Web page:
associate Professor simon Butt

    Associate Professor Simon Butt is an ARC Australian Postdoctoral Research Fellow and Associate Director (Indonesia) for the Centre for Asian and Pacific Law at the University of Sydney, where he teaches Indonesian law. He has written widely on aspects of Indonesian law, including in two recent books: Corruption and Law in Indonesia (Routledge, London, 2012) and The Constitution of Indonesia: A Contextual Analysis (with Tim Lindsey, Hart, London, 2012).

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    is indonesia as corruPt as most PeoPle Believe and is it GettinG worse?1


    Many Indonesians consider their country one of the most corrupt in the world, and think it is getting worse. But is it really that bad? It could be argued that the publicity resulting from the efforts to curb corruption in Reformasi Indonesia – where the press is now free – has created the impression that corruption is getting worse, when the situation may, in fact, be improving. Who is right? And what are the prospects for reducing corruption once Yudhoyono steps down in 2014?

    Professor Howard Dick and Associate Professor Simon Butt consider these questions and examine the problems of measuring corruption, including a range of indexes. They discuss post-Soeharto anti-corruption reforms, the role of Indonesia’s Anti-Corruption Commission (KPK), the high level of publicity surrounding corruption cases, and how the KPK has become the target of continuing political attack.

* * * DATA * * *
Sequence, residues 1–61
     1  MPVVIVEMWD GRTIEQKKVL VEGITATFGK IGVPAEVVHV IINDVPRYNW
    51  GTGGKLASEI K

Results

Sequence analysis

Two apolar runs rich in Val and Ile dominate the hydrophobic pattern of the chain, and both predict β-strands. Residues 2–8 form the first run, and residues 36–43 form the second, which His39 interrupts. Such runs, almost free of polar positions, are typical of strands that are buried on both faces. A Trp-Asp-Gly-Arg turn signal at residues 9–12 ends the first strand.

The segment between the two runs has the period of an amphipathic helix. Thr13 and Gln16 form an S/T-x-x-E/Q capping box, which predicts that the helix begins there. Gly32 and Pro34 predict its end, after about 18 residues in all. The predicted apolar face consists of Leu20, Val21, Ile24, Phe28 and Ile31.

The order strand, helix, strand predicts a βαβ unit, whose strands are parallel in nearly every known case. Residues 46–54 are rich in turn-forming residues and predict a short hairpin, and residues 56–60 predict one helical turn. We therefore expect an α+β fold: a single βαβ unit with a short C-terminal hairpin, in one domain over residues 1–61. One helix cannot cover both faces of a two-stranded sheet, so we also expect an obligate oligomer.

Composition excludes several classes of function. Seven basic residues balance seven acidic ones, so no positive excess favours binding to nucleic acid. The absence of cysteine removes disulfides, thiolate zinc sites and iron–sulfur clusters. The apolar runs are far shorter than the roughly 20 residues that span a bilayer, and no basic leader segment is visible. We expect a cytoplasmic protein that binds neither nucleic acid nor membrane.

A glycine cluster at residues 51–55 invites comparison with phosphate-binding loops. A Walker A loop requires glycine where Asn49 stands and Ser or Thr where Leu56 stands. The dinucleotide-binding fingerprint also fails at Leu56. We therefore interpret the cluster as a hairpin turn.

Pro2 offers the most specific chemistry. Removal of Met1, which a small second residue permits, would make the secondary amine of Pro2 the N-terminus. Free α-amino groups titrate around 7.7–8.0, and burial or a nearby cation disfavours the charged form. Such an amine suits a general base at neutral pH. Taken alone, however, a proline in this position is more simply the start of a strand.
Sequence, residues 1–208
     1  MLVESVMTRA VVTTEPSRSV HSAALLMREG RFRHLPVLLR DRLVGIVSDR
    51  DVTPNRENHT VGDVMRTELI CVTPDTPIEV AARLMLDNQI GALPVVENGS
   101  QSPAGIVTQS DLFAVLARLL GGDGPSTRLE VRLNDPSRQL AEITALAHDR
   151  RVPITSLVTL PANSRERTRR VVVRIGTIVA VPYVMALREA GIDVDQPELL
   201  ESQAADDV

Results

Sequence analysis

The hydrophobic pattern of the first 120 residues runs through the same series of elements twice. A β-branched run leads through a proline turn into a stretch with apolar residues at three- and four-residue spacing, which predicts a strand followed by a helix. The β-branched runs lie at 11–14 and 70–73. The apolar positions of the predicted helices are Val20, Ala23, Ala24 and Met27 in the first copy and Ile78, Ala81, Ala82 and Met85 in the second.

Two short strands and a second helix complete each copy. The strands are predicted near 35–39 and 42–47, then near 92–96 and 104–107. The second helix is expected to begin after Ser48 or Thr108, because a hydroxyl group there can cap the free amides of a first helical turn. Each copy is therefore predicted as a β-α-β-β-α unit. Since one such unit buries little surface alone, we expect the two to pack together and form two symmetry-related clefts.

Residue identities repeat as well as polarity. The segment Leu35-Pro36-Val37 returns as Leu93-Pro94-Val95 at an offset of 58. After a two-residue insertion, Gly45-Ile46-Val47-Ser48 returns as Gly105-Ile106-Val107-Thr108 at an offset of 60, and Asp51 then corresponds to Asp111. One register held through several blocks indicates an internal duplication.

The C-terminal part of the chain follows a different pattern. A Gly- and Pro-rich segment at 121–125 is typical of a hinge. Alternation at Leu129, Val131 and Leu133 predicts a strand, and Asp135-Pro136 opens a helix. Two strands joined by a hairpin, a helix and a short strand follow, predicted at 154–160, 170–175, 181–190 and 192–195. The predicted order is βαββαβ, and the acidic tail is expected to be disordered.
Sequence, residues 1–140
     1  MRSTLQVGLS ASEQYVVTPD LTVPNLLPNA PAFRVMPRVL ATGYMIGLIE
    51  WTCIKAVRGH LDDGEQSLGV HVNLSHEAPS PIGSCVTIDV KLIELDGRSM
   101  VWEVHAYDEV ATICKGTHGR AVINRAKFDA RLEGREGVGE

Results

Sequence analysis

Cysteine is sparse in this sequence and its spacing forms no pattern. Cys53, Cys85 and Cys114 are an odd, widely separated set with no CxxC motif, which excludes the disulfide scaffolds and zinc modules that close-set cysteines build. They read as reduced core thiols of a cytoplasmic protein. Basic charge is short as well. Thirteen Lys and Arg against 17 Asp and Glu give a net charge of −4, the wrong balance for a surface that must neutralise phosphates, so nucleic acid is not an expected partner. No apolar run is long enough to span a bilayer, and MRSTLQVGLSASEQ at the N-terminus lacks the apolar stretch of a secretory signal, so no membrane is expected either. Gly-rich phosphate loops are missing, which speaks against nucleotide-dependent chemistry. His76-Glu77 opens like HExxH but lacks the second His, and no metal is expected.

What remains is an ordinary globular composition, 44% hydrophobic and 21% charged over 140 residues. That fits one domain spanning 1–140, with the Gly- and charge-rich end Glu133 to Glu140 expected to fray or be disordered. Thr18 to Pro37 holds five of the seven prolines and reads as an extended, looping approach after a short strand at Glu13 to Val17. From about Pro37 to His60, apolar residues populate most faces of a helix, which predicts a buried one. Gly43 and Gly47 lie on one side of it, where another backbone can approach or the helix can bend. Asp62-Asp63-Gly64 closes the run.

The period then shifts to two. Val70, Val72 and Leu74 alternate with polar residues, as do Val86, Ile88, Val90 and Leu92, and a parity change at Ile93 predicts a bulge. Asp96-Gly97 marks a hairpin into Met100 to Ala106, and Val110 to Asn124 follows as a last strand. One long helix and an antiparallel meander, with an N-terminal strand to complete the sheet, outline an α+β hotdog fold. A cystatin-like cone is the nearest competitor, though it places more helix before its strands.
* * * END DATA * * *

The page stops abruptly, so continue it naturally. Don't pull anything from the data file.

1 Edited version of papers by Professor Howard Dick and Associate Professor Simon Butt, originally presented as a CILIS Seminar at the Melbourne Law School, the University of Melbourne, 17 July 2013.


    statistics, Half-trutHs and anti-corruPtion strateGies

    Professor Howard dick

    Is Indonesia as corrupt as most people believe and is it getting worse? My answer to both questions is ‘yes’, but also ‘no’. But what do we know and how do we know what we believe we know? By its very nature, corruption is clandestine behaviour and therefore impossible to measure in any direct way. Nevertheless, there are some indirect, partial indicators that tell us something about impact and trends and are, to an extent, internationally comparable. We need to understand both the merits and the limitations of these statistics because, even as a set of half-truths, they may be a better guide to policy than a mess of anecdotes and scandals.

    I will begin with a brief review of some of the main indicators and then address the strategy of the main anti-corruption agency, the Corruption Eradication Commission (Komisi Pemberantasan Korupsi, KPK), established in 2004. Specifically I will ask four questions:

    • Can we measure the incidence of corruption?

    • What do the figures (not) tell us?

    • Is the KPK strategy working?

    • Is there a better strategy?